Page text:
The Dolphins are looking awfully smart right now which usually comes with the territory when you get off to a 3-0 start.
Smart because they have made a series of moves that have worked out well. Smart because they recognized what this lineup needed early on, and that included some shifting of positions and changing of roles. Smart because they were able to identify what and who fits best in some of the most critical areas.
Some of the moves were subtle, like switching Jakeem Grant from a slot receiver to an outside receiver, the seeds planted a season ago, or deciding to go with a nine player rotation on the defensive line instead of focusing on four starters and a group of back-ups.
Sometimes it was about choosing talent and potential over experience, like the decision early in training camp to start rookie linebacker Jerome Baker.
Individually, each of those decisions was important. Collectively though they have helped define this team and certainly helped pave the way for these three straight victories.
Adam Gase and his staff deserve credit for being bold in their thinking and spot on in their evaluations. There is always risk when you take chances, but there is also the potential for reward and that's what the Dolphins are seeing now.
Let's take a closer look at four of these moves and how they have played out.
1. McCain to the outside, Minkah to the inside: This was a move out of necessity. None of the younger cornerbacks separated themselves from the others in training camp. It was obvious there was a void. As good as McCain was in the slot, and he could be special at times, it became clear he was also the second best cornerback on the team behind only Xavien Howard. The switch took place midway through training camp. Bobby McCain has been there ever since, clearly embracing this opportunity.
"I just play football," McCain says. "Doesn't matter where. But I understand why they did it. It was an opportunity for this defense to get better and a chance to get Minkah on the field."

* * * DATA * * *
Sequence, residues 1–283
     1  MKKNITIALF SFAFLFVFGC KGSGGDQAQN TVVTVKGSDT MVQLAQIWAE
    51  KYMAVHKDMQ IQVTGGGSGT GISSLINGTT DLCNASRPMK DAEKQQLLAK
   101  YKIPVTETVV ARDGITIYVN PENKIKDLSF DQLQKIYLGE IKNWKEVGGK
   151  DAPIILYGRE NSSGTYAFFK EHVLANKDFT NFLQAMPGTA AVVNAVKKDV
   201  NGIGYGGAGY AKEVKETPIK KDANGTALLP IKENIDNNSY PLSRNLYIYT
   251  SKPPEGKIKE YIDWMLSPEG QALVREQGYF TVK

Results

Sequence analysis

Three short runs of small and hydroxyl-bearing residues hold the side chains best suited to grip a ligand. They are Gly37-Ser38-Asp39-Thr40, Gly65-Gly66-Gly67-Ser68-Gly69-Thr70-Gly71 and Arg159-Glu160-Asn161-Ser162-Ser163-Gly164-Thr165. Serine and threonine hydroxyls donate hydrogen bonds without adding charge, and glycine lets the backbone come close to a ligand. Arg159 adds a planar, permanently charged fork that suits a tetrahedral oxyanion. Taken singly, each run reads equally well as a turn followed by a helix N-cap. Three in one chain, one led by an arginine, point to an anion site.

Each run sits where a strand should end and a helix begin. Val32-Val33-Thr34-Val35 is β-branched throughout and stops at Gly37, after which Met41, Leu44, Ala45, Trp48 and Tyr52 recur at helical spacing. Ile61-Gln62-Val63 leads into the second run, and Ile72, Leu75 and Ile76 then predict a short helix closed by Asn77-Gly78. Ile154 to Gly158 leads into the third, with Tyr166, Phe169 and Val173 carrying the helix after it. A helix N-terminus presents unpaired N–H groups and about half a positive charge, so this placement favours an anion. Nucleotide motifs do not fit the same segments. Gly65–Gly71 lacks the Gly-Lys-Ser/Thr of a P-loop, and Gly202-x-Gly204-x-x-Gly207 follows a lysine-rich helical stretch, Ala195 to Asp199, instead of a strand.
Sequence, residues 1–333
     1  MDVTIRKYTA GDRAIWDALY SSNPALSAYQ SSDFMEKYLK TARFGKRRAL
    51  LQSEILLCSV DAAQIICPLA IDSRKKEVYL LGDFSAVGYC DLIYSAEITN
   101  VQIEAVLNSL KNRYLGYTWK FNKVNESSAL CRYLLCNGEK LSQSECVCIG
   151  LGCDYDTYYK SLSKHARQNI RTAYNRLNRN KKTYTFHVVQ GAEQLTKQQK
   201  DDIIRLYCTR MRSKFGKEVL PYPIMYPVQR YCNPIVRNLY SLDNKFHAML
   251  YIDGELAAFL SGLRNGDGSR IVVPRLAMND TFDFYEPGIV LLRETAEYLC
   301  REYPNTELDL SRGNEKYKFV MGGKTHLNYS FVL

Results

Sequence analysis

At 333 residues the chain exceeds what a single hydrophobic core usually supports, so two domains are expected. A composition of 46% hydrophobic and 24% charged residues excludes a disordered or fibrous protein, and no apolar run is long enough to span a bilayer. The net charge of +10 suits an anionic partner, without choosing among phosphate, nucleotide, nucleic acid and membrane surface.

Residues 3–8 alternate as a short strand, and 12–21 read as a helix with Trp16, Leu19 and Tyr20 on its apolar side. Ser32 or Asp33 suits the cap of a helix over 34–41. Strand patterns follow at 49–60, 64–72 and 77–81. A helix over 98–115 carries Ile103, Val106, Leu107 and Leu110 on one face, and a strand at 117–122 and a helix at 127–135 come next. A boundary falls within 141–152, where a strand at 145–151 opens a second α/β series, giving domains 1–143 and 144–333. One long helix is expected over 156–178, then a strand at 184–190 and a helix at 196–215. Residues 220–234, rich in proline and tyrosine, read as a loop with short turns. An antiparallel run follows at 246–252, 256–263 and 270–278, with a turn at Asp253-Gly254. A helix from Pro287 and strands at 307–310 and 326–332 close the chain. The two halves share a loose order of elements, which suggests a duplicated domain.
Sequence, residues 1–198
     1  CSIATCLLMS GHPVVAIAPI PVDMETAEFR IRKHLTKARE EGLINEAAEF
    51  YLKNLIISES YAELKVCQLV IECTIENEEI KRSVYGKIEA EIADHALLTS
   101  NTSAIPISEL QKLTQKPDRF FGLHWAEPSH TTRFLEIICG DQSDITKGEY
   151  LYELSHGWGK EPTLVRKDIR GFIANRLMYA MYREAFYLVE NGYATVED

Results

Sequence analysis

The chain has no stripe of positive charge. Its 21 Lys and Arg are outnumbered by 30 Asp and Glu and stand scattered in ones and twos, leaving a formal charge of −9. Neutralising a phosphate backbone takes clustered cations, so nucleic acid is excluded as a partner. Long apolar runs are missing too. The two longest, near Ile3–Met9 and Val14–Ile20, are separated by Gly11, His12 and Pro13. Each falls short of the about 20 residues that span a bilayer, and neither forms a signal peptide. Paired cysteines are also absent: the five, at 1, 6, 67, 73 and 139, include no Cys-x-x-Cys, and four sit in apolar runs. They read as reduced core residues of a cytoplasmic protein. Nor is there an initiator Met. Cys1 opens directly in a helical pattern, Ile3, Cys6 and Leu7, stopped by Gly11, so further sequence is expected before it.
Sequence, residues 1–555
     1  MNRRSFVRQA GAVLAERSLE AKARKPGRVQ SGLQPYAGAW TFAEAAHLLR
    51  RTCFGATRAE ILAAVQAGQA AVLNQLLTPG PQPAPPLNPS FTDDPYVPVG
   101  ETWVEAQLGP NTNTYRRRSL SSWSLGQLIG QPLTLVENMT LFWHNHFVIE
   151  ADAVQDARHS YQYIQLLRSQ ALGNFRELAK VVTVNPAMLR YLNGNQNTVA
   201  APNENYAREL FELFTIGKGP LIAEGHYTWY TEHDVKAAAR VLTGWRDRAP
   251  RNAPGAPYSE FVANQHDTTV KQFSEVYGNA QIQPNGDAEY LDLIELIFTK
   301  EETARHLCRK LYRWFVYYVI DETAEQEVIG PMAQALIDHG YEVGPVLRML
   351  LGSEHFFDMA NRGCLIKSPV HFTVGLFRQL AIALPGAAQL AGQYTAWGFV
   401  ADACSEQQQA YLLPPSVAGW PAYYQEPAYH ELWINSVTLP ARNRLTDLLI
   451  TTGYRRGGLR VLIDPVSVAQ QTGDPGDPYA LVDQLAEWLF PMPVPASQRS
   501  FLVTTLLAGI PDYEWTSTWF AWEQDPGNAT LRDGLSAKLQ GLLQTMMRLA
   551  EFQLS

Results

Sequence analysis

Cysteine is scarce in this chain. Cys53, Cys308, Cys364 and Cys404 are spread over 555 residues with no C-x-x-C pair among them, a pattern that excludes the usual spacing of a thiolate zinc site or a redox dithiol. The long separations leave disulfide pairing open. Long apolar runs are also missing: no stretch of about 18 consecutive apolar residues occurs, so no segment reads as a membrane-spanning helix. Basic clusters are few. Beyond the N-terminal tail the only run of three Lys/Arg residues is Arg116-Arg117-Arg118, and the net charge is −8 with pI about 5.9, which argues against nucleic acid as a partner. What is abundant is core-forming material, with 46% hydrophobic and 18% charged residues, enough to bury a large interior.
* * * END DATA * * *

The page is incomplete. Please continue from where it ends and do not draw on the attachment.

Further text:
And, just as McCain has excelled in his new role, Minkah Fitzpatrick has done likewise as the nickel back. He played in the first two games there before moving to safety against the Raiders to replace the injured Reshad Jones. He'll move back to the nickel as soon as Jones returns, hopefully this Sunday.
"You put me anywhere and I'll make it work," Fitzpatrick said. "But I do really enjoy playing the slot. It gets me closer to the line of scrimmage where I can make plays."
2. Jakeem Grant moving from slot receiver to the outside: Grant candidly admits that before the Dolphins moved him to the outside, he had never played there before in his football life. "Not one play," he says. Got a feeling, though, he's found a new home. The idea first came last season from then offensive coordinator Clyde Christensen who envisioned how much more effective Grant could be in open space.
"That's where I can do the most damage," he said.
While we had seen indications of real progress in the first two games, Grant took things to another level against the Raiders, catching a pair of touchdown passes including the game-winner from Albert Wilson. The intriguing part is what's next. We've only seen a small sample size of how Grant can create mismatches for this offense. "The best," Grant says, "is yet to come."
3. Rotating nine defensive linemen: This is the way first-year defensive line coach Kris Kocurek likes to do it. Keep everyone fresh. Limit the number of plays. Get to the fourth quarter with plenty of fuel still left. Without this philosophy, we may never have seen the vast improvement of someone like second year player Vincent Taylor.
That depth will be tested this week with William Hayes now out for the season and Andre Branch nursing a knee injury. But you can make the case that the Dolphins are much better equipped to handle this adversity with so many players already with significant game experience this season. This line has already shown it is better than a year ago when they had Ndamukong Suh playing most of the downs. The rotation system employed by Kocurek has plenty to do with it.
4. Kenyan Drake OR Frank Gore: That's how the depth chart has read since late in training camp. The idea is to get them equal touches, though his presence in the passing game figures to favor more plays called for Drake. Regardless, the reasoning is clear. You've got two running backs with different skill sets and at different points in their careers. They are both talented. They are each deserving.
So why choose. Go with the hot hand. It worked well in the first two games, victories over the Titans and Jets. But neither produced very much against the Raiders. That won't change the thinking this week in New England. Drake or Gore. Gore or Drake. Doesn't matter. Both will remain an integral part of this offense.
Smart moves. Important moves. It'll be interesting to see what this coaching staff comes up with next.